W3C home > Mailing lists > Public > ietf-http-wg@w3.org > April to June 2012

Re: Status code for censorship?

From: James M Snell <jasnell@gmail.com>
Date: Mon, 11 Jun 2012 08:54:24 -0700
Message-ID: <CABP7Rbdu+_+d-87nKR5_joF==_365skEMp5mtL3Ys9RQQ3h-2Q@mail.gmail.com>
To: Tim Bray <tbray@textuality.com>
Cc: Mark Nottingham <mnot@mnot.net>, Karl Dubost <karld@opera.com>, ietf-http-wg@w3.org
I can definitely live with that.. anything that increases the
visibility of censorship is not a bad thing.  Looks like status code
427 is open currently.

- James

On Mon, Jun 11, 2012 at 8:39 AM, Tim Bray <tbray@textuality.com> wrote:
> Well, the practical argument is programmer behavior, in the way that client
> devs handle the codes.  I regularly see code along the lines of:
> else if (status == 401)
>  // do authent stuff
> else if (status == 403)
>  // apologize and explain
> else if (status/100 == 5)
>  // apologize for server misbehavior without many details (which would
> probably not be helpful to end-user anyhow)
> So we want a result like 403, not 5XX.  So 403 would not be flatly
> incorrect, but I still think a new 4XX would be desirable. Would it be used?
>  Well, in most web frameworks, you can already provide any old integer
> status code, so I don’t think any infrastructure development would be
> required.  I suspect the browser people would be happy to provide a
> boilerplate message if the status code became official.
> And finally, I am sure that some websites under government pressure would be
> happy to lie and deny censorship exists, but I am quite certain that lots of
> others would welcome the chance to make clear the responsibility for the
> blockage. I would welcome being so informed in those situations.
> So where’s the downside?
> -T
> On Mon, Jun 11, 2012 at 8:27 AM, James M Snell <jasnell@gmail.com> wrote:
>> On Mon, Jun 11, 2012 at 4:09 AM, Mark Nottingham <mnot@mnot.net> wrote:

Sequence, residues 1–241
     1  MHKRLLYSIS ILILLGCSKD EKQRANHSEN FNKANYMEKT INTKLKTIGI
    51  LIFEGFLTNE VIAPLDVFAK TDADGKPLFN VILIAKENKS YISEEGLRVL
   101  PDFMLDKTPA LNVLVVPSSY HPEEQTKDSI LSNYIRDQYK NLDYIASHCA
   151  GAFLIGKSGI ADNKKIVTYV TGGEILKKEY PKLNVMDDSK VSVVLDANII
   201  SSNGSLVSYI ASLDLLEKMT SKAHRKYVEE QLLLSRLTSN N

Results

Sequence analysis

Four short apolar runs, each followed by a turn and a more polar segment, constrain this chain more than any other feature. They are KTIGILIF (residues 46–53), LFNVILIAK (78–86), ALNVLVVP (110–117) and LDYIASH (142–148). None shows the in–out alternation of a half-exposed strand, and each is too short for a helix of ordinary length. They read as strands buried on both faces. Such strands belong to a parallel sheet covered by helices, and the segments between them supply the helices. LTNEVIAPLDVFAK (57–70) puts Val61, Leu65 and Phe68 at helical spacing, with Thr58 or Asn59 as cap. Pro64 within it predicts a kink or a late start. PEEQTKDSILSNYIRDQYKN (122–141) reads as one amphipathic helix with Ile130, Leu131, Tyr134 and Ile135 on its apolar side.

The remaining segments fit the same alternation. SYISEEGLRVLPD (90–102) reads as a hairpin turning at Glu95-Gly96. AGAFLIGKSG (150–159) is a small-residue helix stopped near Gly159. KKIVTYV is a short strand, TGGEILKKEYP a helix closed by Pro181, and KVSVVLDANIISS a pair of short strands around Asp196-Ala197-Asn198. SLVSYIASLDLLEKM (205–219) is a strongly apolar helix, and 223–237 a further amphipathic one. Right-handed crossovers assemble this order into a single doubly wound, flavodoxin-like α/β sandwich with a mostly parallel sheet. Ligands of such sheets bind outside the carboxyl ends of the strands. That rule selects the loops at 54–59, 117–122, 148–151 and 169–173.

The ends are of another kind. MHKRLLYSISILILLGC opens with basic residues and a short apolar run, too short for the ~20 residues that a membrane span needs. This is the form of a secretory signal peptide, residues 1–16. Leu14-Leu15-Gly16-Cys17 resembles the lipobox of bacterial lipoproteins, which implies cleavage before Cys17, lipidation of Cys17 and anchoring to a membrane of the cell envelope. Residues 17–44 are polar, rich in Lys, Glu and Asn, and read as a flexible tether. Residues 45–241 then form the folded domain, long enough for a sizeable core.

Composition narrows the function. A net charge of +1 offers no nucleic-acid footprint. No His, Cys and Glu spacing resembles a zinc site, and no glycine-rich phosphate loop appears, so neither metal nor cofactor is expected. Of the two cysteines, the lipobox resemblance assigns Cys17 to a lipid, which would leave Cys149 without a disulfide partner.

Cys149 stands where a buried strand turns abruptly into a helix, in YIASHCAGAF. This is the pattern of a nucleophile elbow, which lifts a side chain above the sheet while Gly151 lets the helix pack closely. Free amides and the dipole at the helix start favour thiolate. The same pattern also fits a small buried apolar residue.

>>>> Censorship happens sometimes in other states through decision of laws
>>>> and/or regulations. For example, a network in a corporate environment
>>>> blocking certain sites through proxy (such as social networks). A library
>>>> blocking some sites through proxy to other users. In these cases, the
>>>> organization in charge of it might want to advertise it for reasons which
>>>> seem perfectly legible to them.
>>> Yes. However, as discussed, current status codes can be used for this,
>>> and the HTML will explain what's going on. The one remaining motivation that
>>> I can see would be a similar situation that got us 511; non-browser devices
>>> that get confused by what's going on. However, since this isn't a redirect,
>>> but just a refusal, it's less of an issue, practically.
>> True, however, with 511, there is a distinct practical action that the
>> user-agent can take in response to the specific code... namely,
>> authenticating with the network prior to retrying the request. There
>> is no such clear response action with this.
>> Further, one additional consideration is the case where a particular
>> request is blocked through similar policy-driven action. A 4xx
>> response would be perfectly reasonable in such cases. My initial
>> inclination was to use a new 5xx code but the more I go through the
>> cases, the more I think 403 is just fine.
>> - James
>>> Cheers,
>>> --
>>> Mark Nottingham   http://www.mnot.net/
Received on Monday, 11 June 2012 15:55:19 UTC

This archive was generated by hypermail 2.4.0 : Friday, 17 January 2020 17:14:00 UTC